So the boy Love is perjur'd every where :
For ere Demetrius look'd on Hermia's eyne,
He hail'd down oaths that he was only mine:
And when this hail some heat from Hermia felt,
So he dissolv'd, and showers of oaths did melt.
I will go tell him of fair Hermia's flight:
Then to the wood will he, to-morrow night,
Pursue her; and for this intelligence
If I have thanks, it is a dear expense:
But herein mean I to enrich my pain,
To have his sight thither and back again.


SCENE II.-Athens. A Room in a Cottage. Enter Quince, Snug, Bottom, Flute, Snout, and Starveling.

Quin. Is all our company here? Bot. You were best to call them generally, man by man, according to the scrip.

Quin. Here is the scroll of every man's name, which is thought fit, through all Athens, to play in our interlude before the duke and the duchess on his wedding-day at night.

Bot. First, good Peter Quince, say what the play treats on; then read the names of the actors; and so grow to a point.

Quin. Marry, our play is-The most lamentable comedy, and most cruel death of Pyramus and Thisby.

Bot. A very good piece of work, I assure you, and a merry.-Now, good Peter Quince, call forth your actors by the scroll: Masters, spread yourselves. [the weaver. Quin. Answer, as I call you.-Nick Bottom, Bot. Ready. Name what part I am for, and proceed.

Quin. You, Nick Bottom, are set down for Pyramus.

Bot. What is Pyramus? a lover, or a tyrant? Quin. A lover, that kills himself most gallantly for love.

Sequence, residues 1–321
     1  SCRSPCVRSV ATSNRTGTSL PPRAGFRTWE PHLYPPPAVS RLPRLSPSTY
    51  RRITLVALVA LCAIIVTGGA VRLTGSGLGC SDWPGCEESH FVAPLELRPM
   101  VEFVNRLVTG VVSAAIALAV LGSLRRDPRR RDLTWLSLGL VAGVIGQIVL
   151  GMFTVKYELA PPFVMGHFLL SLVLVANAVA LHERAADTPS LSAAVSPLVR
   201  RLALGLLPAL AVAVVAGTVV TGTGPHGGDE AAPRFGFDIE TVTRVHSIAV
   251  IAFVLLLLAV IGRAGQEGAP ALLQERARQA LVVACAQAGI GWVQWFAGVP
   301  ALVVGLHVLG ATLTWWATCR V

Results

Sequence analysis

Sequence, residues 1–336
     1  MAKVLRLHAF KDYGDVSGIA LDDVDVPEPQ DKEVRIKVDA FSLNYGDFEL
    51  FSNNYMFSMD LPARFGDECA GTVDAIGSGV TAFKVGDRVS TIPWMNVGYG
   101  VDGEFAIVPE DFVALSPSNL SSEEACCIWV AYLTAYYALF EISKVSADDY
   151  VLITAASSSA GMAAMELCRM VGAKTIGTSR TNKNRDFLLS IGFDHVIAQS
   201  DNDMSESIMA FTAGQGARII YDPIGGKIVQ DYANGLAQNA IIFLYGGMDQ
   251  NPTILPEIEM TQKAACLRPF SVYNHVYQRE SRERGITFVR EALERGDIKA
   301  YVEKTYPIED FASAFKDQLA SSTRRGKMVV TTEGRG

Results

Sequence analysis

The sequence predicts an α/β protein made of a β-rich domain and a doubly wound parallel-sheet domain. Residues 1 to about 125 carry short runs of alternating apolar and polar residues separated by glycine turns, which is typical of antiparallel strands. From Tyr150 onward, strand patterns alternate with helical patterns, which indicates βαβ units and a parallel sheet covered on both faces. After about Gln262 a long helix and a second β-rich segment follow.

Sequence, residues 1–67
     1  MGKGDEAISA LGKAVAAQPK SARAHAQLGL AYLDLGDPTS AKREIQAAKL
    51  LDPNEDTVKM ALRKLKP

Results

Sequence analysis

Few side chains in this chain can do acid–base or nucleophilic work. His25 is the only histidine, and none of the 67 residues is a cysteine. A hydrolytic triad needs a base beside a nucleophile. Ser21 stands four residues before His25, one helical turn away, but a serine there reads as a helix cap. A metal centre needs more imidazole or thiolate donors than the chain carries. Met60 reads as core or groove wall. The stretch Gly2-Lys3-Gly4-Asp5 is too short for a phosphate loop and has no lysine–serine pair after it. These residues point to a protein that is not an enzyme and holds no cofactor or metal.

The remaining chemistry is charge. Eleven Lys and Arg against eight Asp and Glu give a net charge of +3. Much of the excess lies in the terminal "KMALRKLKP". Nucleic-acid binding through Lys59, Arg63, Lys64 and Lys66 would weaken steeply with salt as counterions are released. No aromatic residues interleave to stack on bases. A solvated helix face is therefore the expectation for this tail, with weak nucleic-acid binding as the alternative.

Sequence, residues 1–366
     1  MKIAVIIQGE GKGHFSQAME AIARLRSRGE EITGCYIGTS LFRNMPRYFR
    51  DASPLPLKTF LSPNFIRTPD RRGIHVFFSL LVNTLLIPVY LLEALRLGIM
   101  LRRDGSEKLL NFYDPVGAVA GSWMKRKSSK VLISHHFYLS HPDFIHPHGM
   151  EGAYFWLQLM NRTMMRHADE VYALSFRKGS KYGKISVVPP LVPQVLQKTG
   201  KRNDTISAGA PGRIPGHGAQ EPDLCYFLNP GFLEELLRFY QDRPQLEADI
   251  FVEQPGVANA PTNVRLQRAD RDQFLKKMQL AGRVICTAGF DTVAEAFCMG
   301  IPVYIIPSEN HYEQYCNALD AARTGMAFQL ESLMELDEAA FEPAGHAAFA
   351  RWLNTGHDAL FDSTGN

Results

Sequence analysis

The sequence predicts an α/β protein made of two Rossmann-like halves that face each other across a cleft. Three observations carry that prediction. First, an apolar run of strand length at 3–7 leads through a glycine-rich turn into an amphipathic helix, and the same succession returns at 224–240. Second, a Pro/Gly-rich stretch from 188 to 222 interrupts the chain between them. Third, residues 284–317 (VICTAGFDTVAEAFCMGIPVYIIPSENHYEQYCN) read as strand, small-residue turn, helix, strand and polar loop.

Bot. That will ask some tears in the true performing of it: if I do it, let the audience look to their eyes; I will move storms, I will condole in some measure. To the rest :-yet my chief humour is for a tyrant: I could play Ercles rarely, or a part to tear a cat in, to make all split.

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This was lofty-Now name the rest of the
[more condoling.
This is Ercles' vein, a tyrant's vein ;-a lover is
Quin. Francis Flute, the bellows-mender.
Fla. Here, Peter Quince.

Quin. You must take Thisby on you.
Flu. What is Thisby? a wandering knight?
Quin. It is the lady that Pyramus must love.
Fla. Nay, faith, let not me play a woman;
I have a beard coming.

Quin. That's all one: you shall play it in a mask, and you may speak as small as you will.

Bot. An I may hide my face, let me play Thisby too: I'll speak in a monstrous little voice-Thisne, Thisne'-'Ah, Pyramus, my lover dear thy Thisby dear, and Lady dear!'

have no more discretion but to hang us; but I will aggravate my voice so, that I will roar you as gently as any sucking dove; I will roar you an 'twere any nightingale.

Quin. You can play no part but Pyramus; for Pyramus is a sweet-faced man; a proper man, as one shall see in a summer's day; a most lovely, gentleman-like man: therefore, you must needs play Pyramus.

Bot. Well, I will undertake it. What beard were I best to play it in?

Quin. Why, what you will.

Bot. I will discharge it in either your strawcolour beard, your orange-tawny beard, your purple-in-grain beard, or your French-crown colour beard, your perfect yellow.

Quin. Some of your French crowns have no hair at all, and then you will play bare-faced. |—But, masters, here are your parts: and I am to entreat you, request you, and desire you, to con them by to-morrow night; and meet me in the palace wood, a mile without the town, by moonlight; there will we rehearse : for if we meet in the city, we shall be dogged with company, and our devices known. In the mean time, I will draw a bill of properties, such as cur play wants.. I pray you, fail me not.